First I connected my turntable to the AudioQuest Niagara 3000 and was immediately able to determine the overall order of the performance. With the great anniversary edition of Cat Stevens’ album Tea for the Tillerman was a form of silence between the pieces, even between the verses, which at first irritated me and then surprised me extremely positively. You have to understand something like that first. The music seemed to have a different breath, it also seemed better structured and the room widened significantly, while I was amazed at the increase in depth, especially in the bass. Arrangements became more clearly perceptible, the high frequency range and thus the subtle background events seemed clearer where it previously seemed much more approximate, without artificially moving into the foreground. The middle range, in this case especially Stevens’ voice, got a kind of presence and immediacy that gave me real goose bumps.
The dynamic, which was still minimally cautious at the beginning, was solely due to the aforementioned recording process, the calm that soon set in seemed more like a kind of acoustic detox.
After that, my CD player was allowed to take the next free space on the Niagara 3000 after I had previously heard it on my power strip. It is well known that all devices on a strip or on a filter usually harmonize better, but the increase in sound with the Niagara 3000 goes well beyond this effect. One of my island recordings is of the great Shirley Horn (album: You won´t forget me ). “If you go” is a magical-meditative piece. Horn is only subtly accompanied by bass and drums, and if their singing and piano playing don’t captivate you, something is wrong with the system. Now – regardless of meditative passages – Horn’s piano strokes almost frightened me with their unrestrained dynamics. “Almost” only because they sounded velvety and organic and were illuminated much deeper. I kept sitting in my listening chair, astonished: where was this going to lead to? Even with the connection of my preamplifier, these results were amplified and stabilized, so I was surprised what happened when I finally connected my power amplifier or, a little later, my integrated amplifier to the AudioQuest Niagara 3000.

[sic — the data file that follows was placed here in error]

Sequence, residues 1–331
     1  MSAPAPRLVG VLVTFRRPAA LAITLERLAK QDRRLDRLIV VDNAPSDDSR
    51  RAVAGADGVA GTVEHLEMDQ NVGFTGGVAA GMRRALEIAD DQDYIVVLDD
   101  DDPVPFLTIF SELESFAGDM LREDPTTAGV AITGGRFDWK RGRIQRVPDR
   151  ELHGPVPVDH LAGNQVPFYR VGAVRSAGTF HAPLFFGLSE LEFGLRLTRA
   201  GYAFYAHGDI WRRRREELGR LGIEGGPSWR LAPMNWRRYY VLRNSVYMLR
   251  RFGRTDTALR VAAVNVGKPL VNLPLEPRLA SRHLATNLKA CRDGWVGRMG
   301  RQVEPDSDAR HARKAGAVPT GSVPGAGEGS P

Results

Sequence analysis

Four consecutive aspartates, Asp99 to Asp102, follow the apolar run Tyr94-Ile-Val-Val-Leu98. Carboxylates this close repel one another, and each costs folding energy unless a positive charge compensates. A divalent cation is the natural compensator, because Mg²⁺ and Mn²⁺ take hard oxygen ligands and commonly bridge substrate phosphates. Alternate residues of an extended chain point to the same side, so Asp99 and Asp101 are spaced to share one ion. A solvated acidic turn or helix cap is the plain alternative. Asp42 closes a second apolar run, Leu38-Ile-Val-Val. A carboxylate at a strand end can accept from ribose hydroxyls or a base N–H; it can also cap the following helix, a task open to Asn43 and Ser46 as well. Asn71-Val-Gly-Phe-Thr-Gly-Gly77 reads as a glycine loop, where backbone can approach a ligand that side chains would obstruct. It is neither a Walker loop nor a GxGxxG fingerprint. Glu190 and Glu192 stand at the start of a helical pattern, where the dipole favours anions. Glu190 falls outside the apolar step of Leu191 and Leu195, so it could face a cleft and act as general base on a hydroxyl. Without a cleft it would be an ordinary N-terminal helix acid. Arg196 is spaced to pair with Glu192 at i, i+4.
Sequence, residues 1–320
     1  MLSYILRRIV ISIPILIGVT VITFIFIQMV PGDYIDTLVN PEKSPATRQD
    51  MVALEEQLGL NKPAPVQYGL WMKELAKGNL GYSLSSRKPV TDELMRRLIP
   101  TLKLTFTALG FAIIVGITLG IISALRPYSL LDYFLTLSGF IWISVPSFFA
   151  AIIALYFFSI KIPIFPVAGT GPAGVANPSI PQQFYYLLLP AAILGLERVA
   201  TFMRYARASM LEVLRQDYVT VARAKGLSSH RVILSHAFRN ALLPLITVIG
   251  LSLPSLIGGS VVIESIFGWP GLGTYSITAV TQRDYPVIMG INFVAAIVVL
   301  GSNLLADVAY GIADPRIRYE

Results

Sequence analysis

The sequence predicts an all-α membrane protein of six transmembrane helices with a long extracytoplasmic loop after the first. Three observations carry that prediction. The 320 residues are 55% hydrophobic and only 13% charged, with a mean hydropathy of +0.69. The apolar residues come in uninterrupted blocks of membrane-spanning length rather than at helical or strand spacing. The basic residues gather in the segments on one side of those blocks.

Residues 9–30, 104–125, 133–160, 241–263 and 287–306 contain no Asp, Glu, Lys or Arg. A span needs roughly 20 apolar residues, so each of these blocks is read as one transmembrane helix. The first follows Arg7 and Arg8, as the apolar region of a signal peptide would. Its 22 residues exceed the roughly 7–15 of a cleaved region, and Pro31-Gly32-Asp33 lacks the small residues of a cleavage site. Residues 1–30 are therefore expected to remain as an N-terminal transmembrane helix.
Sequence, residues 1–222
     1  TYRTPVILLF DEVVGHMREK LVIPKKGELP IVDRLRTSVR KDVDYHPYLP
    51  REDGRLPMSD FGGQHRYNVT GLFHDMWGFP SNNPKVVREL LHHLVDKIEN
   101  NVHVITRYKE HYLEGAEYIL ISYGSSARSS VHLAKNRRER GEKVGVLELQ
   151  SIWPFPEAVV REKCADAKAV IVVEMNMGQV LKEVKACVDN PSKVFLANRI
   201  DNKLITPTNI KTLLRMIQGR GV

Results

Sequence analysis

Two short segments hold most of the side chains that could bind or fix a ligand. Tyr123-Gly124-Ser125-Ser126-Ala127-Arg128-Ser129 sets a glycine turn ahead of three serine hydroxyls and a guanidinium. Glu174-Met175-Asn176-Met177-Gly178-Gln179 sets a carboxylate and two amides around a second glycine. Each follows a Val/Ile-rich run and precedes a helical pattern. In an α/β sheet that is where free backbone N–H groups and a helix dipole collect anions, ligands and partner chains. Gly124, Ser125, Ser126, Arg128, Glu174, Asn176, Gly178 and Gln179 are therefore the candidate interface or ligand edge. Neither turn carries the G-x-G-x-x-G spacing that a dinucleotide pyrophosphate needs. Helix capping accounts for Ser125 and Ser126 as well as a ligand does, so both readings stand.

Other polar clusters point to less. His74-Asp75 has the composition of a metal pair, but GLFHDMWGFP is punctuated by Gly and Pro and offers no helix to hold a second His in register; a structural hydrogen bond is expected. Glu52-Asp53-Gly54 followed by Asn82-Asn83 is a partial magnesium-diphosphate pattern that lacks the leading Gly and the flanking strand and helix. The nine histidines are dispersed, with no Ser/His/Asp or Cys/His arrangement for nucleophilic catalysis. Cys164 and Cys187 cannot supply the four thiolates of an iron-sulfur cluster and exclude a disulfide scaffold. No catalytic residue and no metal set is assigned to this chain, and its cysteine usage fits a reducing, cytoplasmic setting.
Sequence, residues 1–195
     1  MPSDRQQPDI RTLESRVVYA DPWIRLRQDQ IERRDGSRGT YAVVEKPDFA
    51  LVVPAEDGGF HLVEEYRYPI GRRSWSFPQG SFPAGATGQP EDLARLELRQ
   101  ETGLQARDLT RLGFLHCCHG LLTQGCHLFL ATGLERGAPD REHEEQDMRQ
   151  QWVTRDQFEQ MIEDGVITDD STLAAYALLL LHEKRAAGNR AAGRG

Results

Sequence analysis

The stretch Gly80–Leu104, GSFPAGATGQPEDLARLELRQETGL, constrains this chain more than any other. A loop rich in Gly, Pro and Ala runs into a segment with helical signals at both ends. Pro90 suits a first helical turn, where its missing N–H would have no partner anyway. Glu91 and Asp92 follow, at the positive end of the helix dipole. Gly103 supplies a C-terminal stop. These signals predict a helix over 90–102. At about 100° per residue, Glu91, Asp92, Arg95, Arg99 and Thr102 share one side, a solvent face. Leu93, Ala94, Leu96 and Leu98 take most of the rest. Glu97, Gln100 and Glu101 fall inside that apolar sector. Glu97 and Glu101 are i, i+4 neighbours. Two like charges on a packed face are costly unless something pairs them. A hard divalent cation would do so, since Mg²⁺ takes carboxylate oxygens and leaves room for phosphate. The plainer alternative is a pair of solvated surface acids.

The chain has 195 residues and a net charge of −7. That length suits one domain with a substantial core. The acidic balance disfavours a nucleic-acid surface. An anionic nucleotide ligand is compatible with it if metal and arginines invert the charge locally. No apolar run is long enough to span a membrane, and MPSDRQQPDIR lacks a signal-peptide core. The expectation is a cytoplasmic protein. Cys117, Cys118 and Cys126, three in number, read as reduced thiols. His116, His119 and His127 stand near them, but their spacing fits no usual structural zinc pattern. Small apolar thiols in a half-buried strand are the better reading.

You’ve got the power
The connection of my power amplifier marked perhaps the biggest sonic jump in my attempts with the AudioQuest Niagara 3000. Immediately and very clearly audible, the room was illuminated even more deeply, the clarity and shape of the entire sound image increased enormously. Again I heard the aforementioned Shirley Horn recording and literally hung on her lips as if I were seeing her sounds in three dimensions in front of me.
The bass seemed sinewy, and I actually experienced the sound image as clearly more rhythmically structured. My Air Tight ATM-4 now seemed to be able to act more casually, more naturally. The results with my Lavardin integrated amplifier were on a similar level as with my tube chain. Again and again my attention was drawn to the fine details without losing sight of the big picture. This almost unbelievable silence and blackness between the lines inspired me with every new piece because they actually seemed like a liberation from artifacts.
With the Charlie Byrd Trio (album: In Greenwich Village ) I also notice an increased resolution in the highs and an insane dynamic in the play of drummer Buddy Deppenschmidt. And on Shirley Horn’s “It had to be you” (album: You won´t forget me ) the blowing of Branford Marsali’s tenor saxophone really knocks me out: Have I ever seen it so physically and colorfully?
Conclusion: AudioQuest Niagara 3000
Now the time has come. Now I know one – what did we call him? – “Power Conditioner” that I can recommend without reservation: the Audioquest Niagara 3000. It gives my system a new form of relaxation and sovereignty, as if it had a spring cleaning behind it. Disturbances like the ones I often experience in my big city apartment occurred much less frequently during my time with him. My current system has never sounded so good.
- Model: AudioQuest Niagara 3000
- Concept: network conditioner / power conditioner
- Price: 2,999 euros
- Interfaces: 5 inputs for source devices and preamplifiers with lower power requirements (Level-X Linear Noise-Dissipation) from 10 kHz – 1 GHz with up to 24 db, 2 inputs for power amplifiers or integrated amplifiers (High Current Low-Z)
- Power reservoir for power amplifiers and integrated amplifiers (Transient Power Correction) up to 55 A at 25 mS
- Other: patented “Ground Noise Dissipation” for all inputs, overload protection (Non-Sacrifial Surge Protection) up to 6000 V / 3000 A
- Dimensions and weight (W x H x D): 445 x 88 x 386 mm, 11.3 kg
- Guarantee: 2 years